Mr. Palmer

I am not a golf fan. Never pay much attention to sports. Knew of Arnold Palmer, but not much about him. I just got the impression of a man people respected.

So why the reblog? On the way home from a meeting this evening, I heard Mark Levin mention the death of Mr. Palmer. All Mr. Levin could say is that Arnold Palmer’s death got to him, but he had trouble expressing why, an odd thing for a man who makes his living talking.

ColorStorm, I think, put into words what Levin felt about Mr. Palmer.

We all have a God sized hole that only God can fill, but because we are made in God’s image a good and respectable person can fill that hole a little bit. Therefore, when such a person dies, we feel a bit more empty. That emptiness is important to note. That’s how we know that person made a real difference in us, that they brought us closer to God.

The Lions Den

Some of you may have never heard of Arnold Palmer, some may not even care even though hearing of him, but he died yesterday at the ripe age of 87. The earth will cry for such a vacancy. Why? Because he played golf? Because an airport was named after him? Because he was a legend in his field? Because he owned car dealerships? Because he had his own brand of iced tea? Well yes, come to think of it.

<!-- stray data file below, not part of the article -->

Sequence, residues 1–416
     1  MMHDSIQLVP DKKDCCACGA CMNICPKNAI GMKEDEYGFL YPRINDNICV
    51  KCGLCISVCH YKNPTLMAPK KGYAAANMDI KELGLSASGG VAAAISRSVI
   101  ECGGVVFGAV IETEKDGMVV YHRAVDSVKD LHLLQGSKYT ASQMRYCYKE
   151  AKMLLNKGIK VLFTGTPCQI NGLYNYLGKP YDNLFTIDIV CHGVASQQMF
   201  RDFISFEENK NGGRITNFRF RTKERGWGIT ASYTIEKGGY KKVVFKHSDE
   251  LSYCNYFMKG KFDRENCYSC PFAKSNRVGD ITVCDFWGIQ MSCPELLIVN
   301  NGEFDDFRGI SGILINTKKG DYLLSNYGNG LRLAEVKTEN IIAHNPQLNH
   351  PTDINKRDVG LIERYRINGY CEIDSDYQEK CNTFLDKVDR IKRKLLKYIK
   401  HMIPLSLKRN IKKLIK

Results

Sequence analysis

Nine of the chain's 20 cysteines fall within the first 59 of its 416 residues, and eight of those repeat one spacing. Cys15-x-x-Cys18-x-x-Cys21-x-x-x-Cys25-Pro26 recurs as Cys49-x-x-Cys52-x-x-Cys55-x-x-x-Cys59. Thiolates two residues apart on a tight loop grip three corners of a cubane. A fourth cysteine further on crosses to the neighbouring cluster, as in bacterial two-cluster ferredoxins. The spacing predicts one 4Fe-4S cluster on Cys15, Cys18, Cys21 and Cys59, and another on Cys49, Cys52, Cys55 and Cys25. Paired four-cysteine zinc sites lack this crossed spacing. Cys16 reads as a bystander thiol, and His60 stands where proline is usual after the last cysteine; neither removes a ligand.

Image result for arnold palmer umbrella

Arnold Palmer was a good man. Period. And the good things that flowed from his life were testament to the old adage: in all labor there is profit, but more importantly, a good name is far better than rubies.

He died with his good name being intact. There were no Enquirer  shamings, he was not the goat for sports fodder, he was not a clown when interviewed, and he spoke well…

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2 thoughts on “Mr. Palmer

  1. Ct-

    Love your observation: ‘that emptyness is important to us.’

    Strange thing too today while at work, I was thinking about the man, and his influence apart from the golf world, and I am certain I should apologize a bit for not even mentioning the half, but yep, a very good man was lost.

    The streets of Latrobe PA next week will be filled with thousands of people who admired him, from all walks of life, from all over the world. And of course, thank you for passing this post along to your readers.

    Liked by 1 person

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